Fire fighting has become an integral part of the job spec for regulators. No sooner is one crisis addressed, another emergency has to be tackled. And the need for decisive, rapid responses has become critical since the failure of Lehman Brothers in September.
Confidence in banks was shot in October, with market participants openly wondering which firm would fail next. Libor rates were being set at record highs on an almost daily basis, credit default swaps for some financial institutions leapt into the thousands of basis points, while financial stocks were heavily sold.
In response, central banks pumped liquidity into the system and slashed interest rates. To boost confidence in the banking sector, governments across the globe revealed they would inject capital into financial institutions in return for equity stakes.
These measures have largely been successful - there is now widespread belief that governments will not allow a major financial institution to fail, and credit spreads have come down accordingly.
Worried about the effects of the credit squeeze spreading into the wider economy, many of the capital injections came with caveats. Chief among them was that banks should continue lending to small businesses and home owners - in the case of the UK, at 2007 levels.
That brings another problem straight to the top of the agenda: what happens when banks hit balance sheet limits? The traditional way of freeing balance sheets to enable further lending has been the asset-backed securities (ABS) market. But this market has been well and truly locked down.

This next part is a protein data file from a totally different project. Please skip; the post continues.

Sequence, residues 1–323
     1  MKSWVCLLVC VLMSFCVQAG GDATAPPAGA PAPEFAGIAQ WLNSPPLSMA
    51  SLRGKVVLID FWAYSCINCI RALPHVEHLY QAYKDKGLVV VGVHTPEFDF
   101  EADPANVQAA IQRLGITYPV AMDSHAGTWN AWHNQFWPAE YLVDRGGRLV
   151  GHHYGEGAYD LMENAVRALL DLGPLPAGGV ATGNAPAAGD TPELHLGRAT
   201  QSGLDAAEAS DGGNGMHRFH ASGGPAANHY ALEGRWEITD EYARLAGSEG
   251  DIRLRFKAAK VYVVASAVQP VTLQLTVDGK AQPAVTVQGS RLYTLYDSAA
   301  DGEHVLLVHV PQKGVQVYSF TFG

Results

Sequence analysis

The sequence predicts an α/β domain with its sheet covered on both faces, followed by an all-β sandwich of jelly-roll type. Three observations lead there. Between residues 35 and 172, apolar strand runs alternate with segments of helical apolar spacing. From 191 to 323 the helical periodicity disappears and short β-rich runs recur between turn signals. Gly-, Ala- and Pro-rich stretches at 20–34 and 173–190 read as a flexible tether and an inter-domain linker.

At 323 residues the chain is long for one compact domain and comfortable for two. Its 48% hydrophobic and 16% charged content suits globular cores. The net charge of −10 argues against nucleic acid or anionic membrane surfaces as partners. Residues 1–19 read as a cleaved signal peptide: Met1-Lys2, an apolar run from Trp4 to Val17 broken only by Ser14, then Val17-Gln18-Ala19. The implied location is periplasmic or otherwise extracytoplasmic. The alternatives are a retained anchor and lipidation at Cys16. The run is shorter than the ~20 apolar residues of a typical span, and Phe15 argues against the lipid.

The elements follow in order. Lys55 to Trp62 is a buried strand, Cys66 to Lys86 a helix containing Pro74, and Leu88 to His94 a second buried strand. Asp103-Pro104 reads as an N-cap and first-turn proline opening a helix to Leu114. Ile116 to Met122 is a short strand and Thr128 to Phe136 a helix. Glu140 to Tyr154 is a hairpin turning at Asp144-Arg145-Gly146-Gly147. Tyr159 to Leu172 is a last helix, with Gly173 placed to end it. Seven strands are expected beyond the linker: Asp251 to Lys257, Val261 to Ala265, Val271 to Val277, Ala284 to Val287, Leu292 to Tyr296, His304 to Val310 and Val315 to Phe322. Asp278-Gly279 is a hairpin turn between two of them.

It was collateralised debt obligations of subprime residential mortgage-backed securities that sparked the crisis. As a consequence, the packaging, tranching and selling on of asset-backed notes has been broadly demonised. Investors have shied away from ABSs as a result.
Recognising the importance of securitisation, the US Federal Reserve Board announced the creation of the Term Asset-Backed Securities Loan Facility to breathe life into the market. As part of this, the Federal Reserve Bank of New York will lend up to $200 billion on a non-recourse basis to holders of AAA rated ABSs backed by new and recently originated consumer loans and small business loans. That comes on top of a $100 billion package to buy the direct obligations of government-sponsored entities and $500 billion to buy mortgage-backed securities backed by Fannie Mae, Freddie Mac and Ginnie Mae.
Other regulators are believed to be contemplating similar responses, but they face a major test. If this latest initiative fails, the authorities will have to think of new ways to ensure banks are able to continue to extend credit to customers - not to mention risk manage this. A lot rests on this one initiative working and restoring confidence in the market.
- Nick Sawyer, Editor.
The week on Risk.net, January 6–12Receive this by email